Recount after 75-vote difference doesn't stop DuPage auditor's office from changing hands

  • Bob Grogan, left, and William "Bill" White

    Bob Grogan, left, and William "Bill" White

 
 
Updated 12/1/2020 9:08 PM

A new DuPage County auditor took office Tuesday for the first time in 12 years, but his election opponent says the historically close race isn't over yet.

Downers Grove Democrat William "Bill" White assumed the role as the county's top financial watchdog even as his predecessor, Bob Grogan, prepares for "double overtime" in one of the tightest contests in the suburbs.

 

Grogan has asked for a partial recount of the election results after coming up just 75 votes shy of victory out of more than 466,000 ballots cast.

Grogan, a Downers Grove Republican who held the position for three terms, filed for a discovery recount in up to 25% of the precincts countywide.

Wheaton Republican Tim Whelan also has requested a partial recount after falling short in his reelection bid for a seat on the forest preserve district board. Official results from last month's election show Democratic challenger Jeff Gahris defeating Whelan by 718 votes.

The recount proceedings are set to begin at 9 a.m. Monday, Dec. 7, in the county administration building in Wheaton. Both Grogan and Whelan are represented by attorney Phillip Luetkehans.

The exploratory process leaves some uncertainty over races that add to historic gains for Democrats in DuPage.

In a partial recount, the county clerk's office will make election materials available for scrutiny to help candidates determine if there are enough voter discrepancies to seek a court order for a complete recount.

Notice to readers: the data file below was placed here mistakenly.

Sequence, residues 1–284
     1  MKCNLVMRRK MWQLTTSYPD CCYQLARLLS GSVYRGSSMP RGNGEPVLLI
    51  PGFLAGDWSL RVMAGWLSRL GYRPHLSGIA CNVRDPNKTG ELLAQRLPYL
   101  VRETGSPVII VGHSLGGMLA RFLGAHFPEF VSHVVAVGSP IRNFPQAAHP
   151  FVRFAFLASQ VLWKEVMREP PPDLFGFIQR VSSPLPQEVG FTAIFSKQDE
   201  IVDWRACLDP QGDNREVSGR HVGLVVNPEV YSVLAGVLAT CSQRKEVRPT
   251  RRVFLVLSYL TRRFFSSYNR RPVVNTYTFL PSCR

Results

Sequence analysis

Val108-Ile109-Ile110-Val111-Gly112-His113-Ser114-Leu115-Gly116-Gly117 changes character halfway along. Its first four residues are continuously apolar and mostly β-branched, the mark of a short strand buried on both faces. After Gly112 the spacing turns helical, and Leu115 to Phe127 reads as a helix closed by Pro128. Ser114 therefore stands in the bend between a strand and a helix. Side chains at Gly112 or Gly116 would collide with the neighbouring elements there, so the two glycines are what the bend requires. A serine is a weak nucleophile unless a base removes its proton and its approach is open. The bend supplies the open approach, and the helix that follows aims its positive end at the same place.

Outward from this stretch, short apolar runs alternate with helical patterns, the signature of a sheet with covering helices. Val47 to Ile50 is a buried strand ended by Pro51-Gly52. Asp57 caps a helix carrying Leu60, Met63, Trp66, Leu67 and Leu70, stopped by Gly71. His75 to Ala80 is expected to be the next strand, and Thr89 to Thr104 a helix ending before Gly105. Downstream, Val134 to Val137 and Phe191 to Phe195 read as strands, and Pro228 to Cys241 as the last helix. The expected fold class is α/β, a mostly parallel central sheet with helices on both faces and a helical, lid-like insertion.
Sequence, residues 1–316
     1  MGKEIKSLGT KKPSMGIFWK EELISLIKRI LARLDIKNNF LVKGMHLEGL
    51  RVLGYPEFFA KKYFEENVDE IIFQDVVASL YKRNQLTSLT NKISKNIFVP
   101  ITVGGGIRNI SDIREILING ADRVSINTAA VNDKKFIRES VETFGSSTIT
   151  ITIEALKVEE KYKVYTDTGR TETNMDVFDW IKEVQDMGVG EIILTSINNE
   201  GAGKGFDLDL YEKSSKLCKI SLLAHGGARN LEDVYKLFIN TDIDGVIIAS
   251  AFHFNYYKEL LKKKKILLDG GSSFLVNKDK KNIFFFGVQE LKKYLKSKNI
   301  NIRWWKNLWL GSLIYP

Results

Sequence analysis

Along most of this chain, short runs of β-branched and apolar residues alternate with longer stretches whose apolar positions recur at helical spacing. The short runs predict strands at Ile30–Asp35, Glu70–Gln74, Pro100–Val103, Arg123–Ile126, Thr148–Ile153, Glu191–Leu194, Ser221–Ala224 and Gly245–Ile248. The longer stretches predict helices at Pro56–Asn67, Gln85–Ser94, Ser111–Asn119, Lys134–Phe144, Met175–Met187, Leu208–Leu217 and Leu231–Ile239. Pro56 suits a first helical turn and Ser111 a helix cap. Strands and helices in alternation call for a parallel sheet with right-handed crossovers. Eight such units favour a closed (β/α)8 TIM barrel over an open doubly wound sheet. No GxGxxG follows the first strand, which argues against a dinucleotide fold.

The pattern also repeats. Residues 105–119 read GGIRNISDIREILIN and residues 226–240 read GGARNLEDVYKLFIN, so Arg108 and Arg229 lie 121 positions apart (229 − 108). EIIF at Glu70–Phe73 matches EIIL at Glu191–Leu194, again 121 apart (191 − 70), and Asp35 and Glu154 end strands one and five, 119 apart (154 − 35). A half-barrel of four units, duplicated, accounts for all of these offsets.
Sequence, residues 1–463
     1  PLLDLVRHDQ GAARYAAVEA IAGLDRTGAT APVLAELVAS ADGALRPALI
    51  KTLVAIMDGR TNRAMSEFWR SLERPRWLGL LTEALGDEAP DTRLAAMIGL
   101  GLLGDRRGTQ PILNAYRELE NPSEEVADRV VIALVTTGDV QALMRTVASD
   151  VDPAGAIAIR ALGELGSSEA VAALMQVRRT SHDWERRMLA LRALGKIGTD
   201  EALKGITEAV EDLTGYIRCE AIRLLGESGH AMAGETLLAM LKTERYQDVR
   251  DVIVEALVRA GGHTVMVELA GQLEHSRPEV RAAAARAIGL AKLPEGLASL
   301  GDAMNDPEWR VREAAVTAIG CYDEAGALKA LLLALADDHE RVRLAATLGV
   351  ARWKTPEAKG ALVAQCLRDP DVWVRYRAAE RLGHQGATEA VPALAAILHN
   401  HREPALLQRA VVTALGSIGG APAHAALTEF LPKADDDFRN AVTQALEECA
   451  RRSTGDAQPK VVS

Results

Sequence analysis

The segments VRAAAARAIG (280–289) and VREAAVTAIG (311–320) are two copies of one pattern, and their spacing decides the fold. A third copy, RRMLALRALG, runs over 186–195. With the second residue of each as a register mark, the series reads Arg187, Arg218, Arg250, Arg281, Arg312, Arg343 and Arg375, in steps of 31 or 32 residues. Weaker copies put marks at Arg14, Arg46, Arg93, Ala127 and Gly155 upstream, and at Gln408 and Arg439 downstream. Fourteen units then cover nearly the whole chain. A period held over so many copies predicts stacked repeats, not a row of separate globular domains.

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Pat Bond, the attorney for the county clerk's office, said county election officials have had roughly 30 discovery recounts over the past 20 years, but none resulted in a full recount.

Election authorities anticipate the partial recounts could be done by Wednesday, Dec. 9, at the earliest, Bond said.

Grogan already has put out an appeal for donations if he should decide to forge ahead with a legal challenge.

"I have confidence that assuming that we find a critical mass of differences that we'll be able to fund the full recount if we can get there past the judge," Grogan said.

He's cautiously hopeful as he prepares for an examination of ballots next week.

"Auditors know what to look for, but they don't know what the results are of what they look for until they've done it," Grogan said Tuesday. "So I'm objective. I have an open mind. I am hopeful, but honestly, mistakes go both directions."

                                                                                                                                                                                                                       
 

White began the job Tuesday with a "highly qualified, motivated, professional" staff. The attorney said he's confident the election totals announced will be upheld, but he fully respects Grogan's decision to work through the evidence-gathering process given the narrow margin separating the candidates.

"He has every right to ask for that under the law," White said.

On election night, Grogan held the advantage. But White gained ground as the county clerk's office continued tabulating mail-in ballots. White ended up with 233,121 votes to Grogan's 233,046.

Grogan said he requested a partial recount after talking to election experts around the state and due to "unprecedented circumstances" under which people voted in the pandemic.

"I'm grateful for the honor of having served 12 years and whether it ends up being four more, we'll sort of see at the end of this double overtime," Grogan said.

In other countywide offices, Democrat Candice Adams began her tenure Tuesday as circuit court clerk after ousting four-term GOP incumbent Chris Kachiroubas. Democrat Kathleen Carrier also started her term as county recorder.

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